Why you don't need Vitamin C in your Collagen
Collagen and vitamin C
It is very true that Vitamin C and collagen work hand in hand. Vitamin C is needed for the creation of new collagen and for the protection of existing collagen. A great collagen supplement will get into your cells and be utilised, but it will work much more effectively with vitamin C.
However, it is very easy to obtain your daily recommended amount of Vitamin C through diet alone. And with Vitamin C being a water soluble vitamin, adding it to your Marine Collagen supplement when you already eat a fairly well balanced diet, can result in expensive urine (not to mention that the vitamin C could be taking up capsule or powder space that could be filled with additional collagen!).
Creation of vitamin C
Vitamin C is needed for the creation of collagen in a process called hydroxylation. It is integral to collagen syntheses, and without vitamin C, collagen creation cannot happen.
Smoking associated premature wrinkles and poor blood vessel health is an excellent example of what happens when there is not enough vitamin C in the body. Each cigarette uses 25 mg of vitamin C to process. Smoking several cigarettes per day significantly reduces vitamin C availability for collagen production. This lack of vitamin C becomes obvious with the premature aging and increased risk of adverse cardiovascular events seen in smokers.
Protection of collagen
Vitamin C works as a free-radical scavenger (antioxidant). It helps to protect the cells from oxidative damage and preserve their function. There is a component inside the cells called telomeres. These telomeres are responsible for the production of collagen.
Telomeres are susceptible to oxidative and free-radical damage if not protected by antioxidant nutrients such as vitamin C. With time and free-radical damage, these telomeres get shorter and are less able to produce the same level of collagen. Protecting the cells from damage with vitamin C preserves their collagen producing capabilities.
Vitamin C from the diet
The minimum recommended intake of vitamin C for a healthy adult is 80 mg per day - that is equivalent to roughly one medium to large orange. Vitamin C is found in a variety of raw foods. Once foods are cooked however, they lose their vitamin C content, so make sure that each day you have several helpings of raw fruits and vegetables.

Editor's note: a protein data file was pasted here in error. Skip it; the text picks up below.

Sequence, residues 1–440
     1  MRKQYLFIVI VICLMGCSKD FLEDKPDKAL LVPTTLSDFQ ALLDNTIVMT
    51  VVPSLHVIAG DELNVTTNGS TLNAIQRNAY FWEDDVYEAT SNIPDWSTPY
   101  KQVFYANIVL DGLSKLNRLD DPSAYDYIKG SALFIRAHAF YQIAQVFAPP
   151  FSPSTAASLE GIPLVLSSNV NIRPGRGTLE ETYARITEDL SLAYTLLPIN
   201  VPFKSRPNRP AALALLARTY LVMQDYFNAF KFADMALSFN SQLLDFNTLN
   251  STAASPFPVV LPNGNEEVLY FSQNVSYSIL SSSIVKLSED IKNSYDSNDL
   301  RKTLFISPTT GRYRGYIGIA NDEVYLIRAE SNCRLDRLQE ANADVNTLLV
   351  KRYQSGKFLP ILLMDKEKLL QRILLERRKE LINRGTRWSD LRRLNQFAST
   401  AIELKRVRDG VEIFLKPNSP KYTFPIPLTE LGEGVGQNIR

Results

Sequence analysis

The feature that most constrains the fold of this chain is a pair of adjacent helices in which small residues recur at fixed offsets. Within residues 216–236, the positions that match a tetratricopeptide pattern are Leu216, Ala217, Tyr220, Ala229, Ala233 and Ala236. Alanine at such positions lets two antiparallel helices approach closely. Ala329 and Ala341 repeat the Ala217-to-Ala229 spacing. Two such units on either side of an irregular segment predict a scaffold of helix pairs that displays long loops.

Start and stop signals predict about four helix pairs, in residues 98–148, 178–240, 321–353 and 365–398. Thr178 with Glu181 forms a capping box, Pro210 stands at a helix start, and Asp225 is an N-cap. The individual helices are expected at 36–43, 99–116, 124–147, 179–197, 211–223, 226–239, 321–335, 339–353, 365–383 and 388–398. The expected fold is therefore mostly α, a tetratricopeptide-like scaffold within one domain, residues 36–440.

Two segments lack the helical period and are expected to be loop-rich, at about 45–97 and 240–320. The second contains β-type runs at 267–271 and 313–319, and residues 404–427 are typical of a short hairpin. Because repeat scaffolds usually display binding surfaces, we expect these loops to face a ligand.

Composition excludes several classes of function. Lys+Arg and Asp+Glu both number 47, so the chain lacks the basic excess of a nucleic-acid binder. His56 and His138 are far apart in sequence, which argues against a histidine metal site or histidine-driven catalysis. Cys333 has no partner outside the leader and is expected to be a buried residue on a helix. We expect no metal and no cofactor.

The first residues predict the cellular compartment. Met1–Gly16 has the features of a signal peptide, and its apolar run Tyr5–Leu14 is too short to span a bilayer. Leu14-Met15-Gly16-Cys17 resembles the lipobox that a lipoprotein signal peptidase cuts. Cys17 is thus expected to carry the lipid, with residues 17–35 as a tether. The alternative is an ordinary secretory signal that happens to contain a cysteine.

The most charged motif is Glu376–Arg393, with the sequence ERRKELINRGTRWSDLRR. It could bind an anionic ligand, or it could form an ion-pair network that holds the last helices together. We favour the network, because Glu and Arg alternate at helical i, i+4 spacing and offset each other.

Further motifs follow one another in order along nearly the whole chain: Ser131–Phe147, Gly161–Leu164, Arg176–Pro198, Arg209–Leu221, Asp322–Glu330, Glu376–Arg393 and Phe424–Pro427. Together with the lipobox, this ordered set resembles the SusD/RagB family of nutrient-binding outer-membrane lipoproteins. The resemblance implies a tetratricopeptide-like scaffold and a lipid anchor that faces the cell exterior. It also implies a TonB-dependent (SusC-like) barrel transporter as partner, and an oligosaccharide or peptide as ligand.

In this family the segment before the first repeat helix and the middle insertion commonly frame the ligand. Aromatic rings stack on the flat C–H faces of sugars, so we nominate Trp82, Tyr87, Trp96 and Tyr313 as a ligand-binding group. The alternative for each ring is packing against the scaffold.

Vitamin C rich foods are also accompanied with flavonoids which enhance the action of vitamin C and also work to protect collagen. These flavonoids are not always found in vitamin C supplements, so getting them both through diet is essential. With a little thought and planning, getting 80 mg of vitamin C each day is easy. Just make sure the foods you consume are as fresh as possible to ensure they contain their maximum vitamin C content.
Our few of our favourite Vitamin C rich foods - yum!
Kiwis – Kiwis are a rich source of vitamin C with each fruit containing more than 60mg. Kiwis are also excellent for the gut.
Watercress – Although not the first food that comes to mind when thinking about vitamin C, each 100g portion of water cress contains over 40mg of vitamin C.
Blackcurrants – blackcurrants are nutrition power houses containing many antioxidants and a healthy 181mg of vitamin C per 100g of blackcurrants.
Bell peppers – Bell peppers are rich in carotenoids and vitamin C. Each red bell pepper provides around 150mg vitamin C.
Strawberries – Who doesn’t love strawberries? Each medium strawberry provides around 7g of vitamin C, meaning you only need to eat around 9 to achieve the minimum daily recommended level of vitamin C.
Raw broccoli – Raw broccoli takes some getting used to, but it is definitely worth it. Each 100g of raw broccoli provides over 80 mg of vitamin C, so it's great to start adding it to salads and dipping in hummus!
Lemons – What a great way to wake up with a glass of water and a fresh lemon squeezed into it. Not only is this great for your liver, but each lemon also provides around 30mg of vitamin C, giving you an amazing start to your day.